David Bourget (Western Ontario)
David Chalmers (ANU, NYU)
Rafael De Clercq
Jack Alan Reynolds
Learn more about PhilPapers
Philosophy East and West 62 (1):44-51 (2012)
This essay by Nishida Kitarō from 1927, translated into English here for the first time, is from the initial period of what has come to be called “Nishida philosophy” (Nishida tetsugaku), when Nishida was first developing his conception of “place” (basho). Nishida here inquires into the relationship between logic and consciousness in terms of place and implacement in order to overcome the shortcomings of previous philosophical attempts—from the ancient Greeks to the moderns—to dualistically conceive the relationship between being and knowing in terms of subject-object or form-matter. During the course of articulating his novel approach to consciousness and cognition, Nishida discusses what he takes to be the weaknesses of Greek hylomorphism, Kantian (and neo-Kantian) dualism, and Husserlian phenomenology. Dissatisfied with the attribution of mere passivity to placiality, and turning away from consciousness objectified as a subject of statement, Nishida imparts to consciousness qua place a certain logical independence as an active yet un-objectifiable “predicate.” This investigation of consciousness as the unobjectifiable place for objectification leads Nishida to the notion of what precedes consciousness itself, a “place of nothing” (mu no basho) that envelops the dichotomized structures of subject-predicate, being-nothing, subject-object, universal-particular, et cetera.
|Keywords||Nishida dualism Kyoto school consciousness|
|Categories||categorize this paper)|
Setup an account with your affiliations in order to access resources via your University's proxy server
Configure custom proxy (use this if your affiliation does not provide a proxy)
|Through your library|
References found in this work BETA
No references found.
Citations of this work BETA
No citations found.
Similar books and articles
Nishida Kitarō & John W. M. Krummel (2012). The Unsolved Issue of ConsciousnessThe Unsolved Issue of Consciousness. Philosophy East and West 62 (1).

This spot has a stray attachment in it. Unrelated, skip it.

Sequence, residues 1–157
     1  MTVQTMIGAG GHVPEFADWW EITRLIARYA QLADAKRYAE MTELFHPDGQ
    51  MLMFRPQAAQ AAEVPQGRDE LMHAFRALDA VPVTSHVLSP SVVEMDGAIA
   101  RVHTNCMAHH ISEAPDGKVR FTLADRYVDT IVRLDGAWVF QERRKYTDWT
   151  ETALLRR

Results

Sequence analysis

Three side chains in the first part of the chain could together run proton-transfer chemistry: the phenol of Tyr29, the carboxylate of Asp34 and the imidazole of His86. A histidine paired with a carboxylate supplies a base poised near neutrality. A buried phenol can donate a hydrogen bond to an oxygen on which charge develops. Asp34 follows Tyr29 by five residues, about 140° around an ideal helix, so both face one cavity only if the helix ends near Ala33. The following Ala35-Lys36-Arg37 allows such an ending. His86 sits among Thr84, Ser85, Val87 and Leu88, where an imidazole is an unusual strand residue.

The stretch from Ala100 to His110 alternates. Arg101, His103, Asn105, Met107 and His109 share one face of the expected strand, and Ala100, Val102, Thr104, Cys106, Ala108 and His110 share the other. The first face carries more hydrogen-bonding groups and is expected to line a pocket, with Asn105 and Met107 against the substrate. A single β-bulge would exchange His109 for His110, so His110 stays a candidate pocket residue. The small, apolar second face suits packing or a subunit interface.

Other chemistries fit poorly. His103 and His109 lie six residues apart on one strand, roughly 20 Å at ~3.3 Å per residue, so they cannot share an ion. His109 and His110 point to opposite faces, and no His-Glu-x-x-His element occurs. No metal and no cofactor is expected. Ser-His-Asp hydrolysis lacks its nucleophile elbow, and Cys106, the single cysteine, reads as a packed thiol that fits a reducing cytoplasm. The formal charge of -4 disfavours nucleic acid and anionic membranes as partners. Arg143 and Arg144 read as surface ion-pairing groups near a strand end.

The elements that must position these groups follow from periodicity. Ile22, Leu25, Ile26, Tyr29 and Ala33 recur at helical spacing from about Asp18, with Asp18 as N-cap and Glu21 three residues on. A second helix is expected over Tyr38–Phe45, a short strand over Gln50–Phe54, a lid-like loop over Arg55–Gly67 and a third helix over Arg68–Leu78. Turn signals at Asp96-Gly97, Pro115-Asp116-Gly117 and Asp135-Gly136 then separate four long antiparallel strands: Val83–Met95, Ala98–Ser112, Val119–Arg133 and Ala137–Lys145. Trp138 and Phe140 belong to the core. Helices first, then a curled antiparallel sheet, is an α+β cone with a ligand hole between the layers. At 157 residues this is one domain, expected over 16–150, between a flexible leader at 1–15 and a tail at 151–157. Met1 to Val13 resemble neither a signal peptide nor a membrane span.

John W. M. Krummel & Shigenori Nagatomo (eds.) (2012). Place and Dialectic: Two Essays by Nishida Kitaro. OUP USA.
Curtis A. Rigsby (2009). Nishida on God, Barth and Christianity. Asian Philosophy 19 (2):119 – 157.
Kitarō Nishida (2012). Place and Dialectic: Two Essays by Kitarō Nishida ; Translated by John W.M. Krummel and Shigenori Nagatomo. Oxford University Press.
Rein Raud (2004). 'Place' and 'Being-Time': Spatiotemporal Concepts in the Thought of Nishida Kitaro and Dogen Kigen. Philosophy East and West 54 (1):29-51.
Tao Jiang (2005). The Problematic of Continuity: Nishida Kitarō and Aristotle. Philosophy East and West 55 (3):447-460.
Yuko Ishihara (2011). Later Nishida on Self-Awareness: Have I Lost Myself Yet? Asian Philosophy 21 (2):193 - 211.
Robert E. Carter (2012). Nishida Kitarō: Place and Dialectic: Two Essays by Nishida Kitarō Trans. By John W. M. Krummel and Shigenori Nagatomo. Introduction by John W. M. Krummel. [REVIEW] International Journal for Philosophy of Religion 72 (1):67-70.
Andrew Feenberg (1999). Experience and Culture: Nishida's Path "to the Things Themselves". Philosophy East and West 49 (1):28-44.
Joel Krueger (2008). Nishida, Agency, and the 'Self-Contradictory' Body. Asian Philosophy 18 (3):213 – 229.
Hisaki Hashi (2007). The Significance of Einstein's Theory of Relativity in Nishida's "Logic of Field". Philosophy East and West 57 (4):457-481.
Christopher S. Goto-Jones (2005). Political Philosophy in Japan: Nishida, the Kyoto School and Co-Prosperity. Routledge.
Elmar Weinmayr, tr Krummel, John W. M. & Douglas Ltr Berger (2005). Thinking in Transition: Nishida Kitaro and Martin Heidegger. Philosophy East and West 55 (2):232-256.
Added to index2012-02-23
Total downloads23 ( #84,139 of 1,410,170 )
Recent downloads (6 months)6 ( #35,238 of 1,410,170 )
How can I increase my downloads?